The Eastern Lower Town palace (Fig. 1) served as the main administrative center, residence and stronghold of the kings of Tell Leilan, ancient Šehna/Šubat-Enlil, during the late 19th and 18th century BC. Although other palaces of similar date have been excavated in Southern, Central and Northern Iraq, and along the Euphrates in Syria, the Tell Leilan Eastern Lower Town palace is the only major palace of this period from the Habur Plains of Syria. Unlike most other palaces found elsewhere in the Middle East, the Eastern Lower Town Palace was also excavated during the last twenty-five years, using modern techniques (Akkermans and Weiss 1991). Analysis of much of this material-including the animal bones, carbonized seeds, and sealings (Mesopotamian administrative devices)-is still ongoing. This excavation has already provided important new historical and archaeological material for the early second millennium BC; the complete analysis of the remains could revolutionize our view of economy, society and politics during this period.
Like most of the second millennium architecture at Tell Leilan, this palace (Fig. 2) was originally built by Šamši-Adad, who created a kingdom that united northern Mesopotamia, from the Tigris to the Euphrates, for 33 years. The Eastern Lower Town palace remained the center of government for this city for nearly 80 years, from probably about 1806 BC, when Šamši-Adad first established himself in this city, until 1728 BC when it was destroyed.
Two seasons (1985 and 1987) of excavation exposed about 10% of the massive palace complex. The area of the palace that was excavated included a probable throne room and associated entrance halls, the palace kitchens, and a series of store-rooms. More than 600 complete tablets, and more than 300 tablet fragments and sealings were found in this excavation. The largest cuneiform archive recovered from the Habur Plains of Syria. These records include international treaties, diplomatic correspondence and various administrative texts (Eidem 2008; Ismail 1991; Vincente 1991, 1995). They provide a framework for the history of northern Mesopotamia during the second half of the 18th century BC, forty years for which there was previously no documentation.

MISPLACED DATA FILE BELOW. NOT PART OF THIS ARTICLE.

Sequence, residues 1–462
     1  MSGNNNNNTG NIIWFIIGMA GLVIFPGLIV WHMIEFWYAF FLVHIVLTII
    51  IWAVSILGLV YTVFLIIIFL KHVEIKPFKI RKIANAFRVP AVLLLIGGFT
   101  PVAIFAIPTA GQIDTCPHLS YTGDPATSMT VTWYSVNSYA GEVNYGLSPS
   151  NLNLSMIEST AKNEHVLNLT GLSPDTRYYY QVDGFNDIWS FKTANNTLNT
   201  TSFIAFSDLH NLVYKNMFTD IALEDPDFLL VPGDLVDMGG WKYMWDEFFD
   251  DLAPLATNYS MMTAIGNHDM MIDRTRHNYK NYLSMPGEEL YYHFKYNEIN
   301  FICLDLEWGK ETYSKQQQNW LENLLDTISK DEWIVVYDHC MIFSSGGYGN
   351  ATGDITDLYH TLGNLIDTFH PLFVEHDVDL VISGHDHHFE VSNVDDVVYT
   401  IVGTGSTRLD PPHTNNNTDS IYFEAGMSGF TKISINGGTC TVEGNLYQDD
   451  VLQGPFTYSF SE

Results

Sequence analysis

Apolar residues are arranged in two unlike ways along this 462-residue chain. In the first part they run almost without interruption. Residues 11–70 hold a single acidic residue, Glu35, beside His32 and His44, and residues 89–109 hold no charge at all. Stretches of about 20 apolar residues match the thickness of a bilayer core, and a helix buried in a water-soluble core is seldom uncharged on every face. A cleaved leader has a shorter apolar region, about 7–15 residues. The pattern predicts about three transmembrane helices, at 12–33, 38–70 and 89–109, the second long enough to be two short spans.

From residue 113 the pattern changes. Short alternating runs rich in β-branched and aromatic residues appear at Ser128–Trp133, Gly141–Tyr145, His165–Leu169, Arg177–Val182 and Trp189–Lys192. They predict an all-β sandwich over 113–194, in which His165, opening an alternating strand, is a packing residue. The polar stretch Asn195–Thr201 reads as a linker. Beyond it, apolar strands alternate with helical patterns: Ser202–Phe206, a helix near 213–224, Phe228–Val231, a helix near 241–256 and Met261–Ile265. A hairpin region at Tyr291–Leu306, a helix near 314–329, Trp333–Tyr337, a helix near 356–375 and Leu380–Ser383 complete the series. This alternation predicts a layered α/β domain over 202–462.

The Construction History of the Eastern Lower Town Palace
The 1985 and 1987 excavations at Tell Leilan exposed 1000 m2 of the Eastern Lower Town palace (Operation 3). The excavations revealed 25 rooms situated between two courtyards (Fig. 3). Four building levels were recovered: three pertain to this palace, while the most recent building level, building level I, represents the scanty remains of a “squatter occupation” following the abandonment of this building. The three building levels of this palace all contained epigraphic evidence which allows us to correlate its construction history with the reigns of the Leilan kings (Weiss and Ristvet 2008).
Building Level 4: Three rooms-9, 10, and 11-exposed in the northeastern corner of Operation 3 represent the oldest excavated building level (Fig. 4). Seal impressions found in this building level belonged to servants of Išme-Dagan and Šamši-Adad, suggesting that Šamši-Adad was responsible for the initial construction of this building.
Building Level 3: During the next phase, this palace was expanded into the previously open space to the south and the west. The ground plan of this palace survived with few changes for decades, until the building was finally abandoned. The excavation uncovered a series of rooms between two large northern and southern courtyards, including a “reception area”-probably the throne-room and main public area of this palace; the palace kitchens; and other work and storage areas.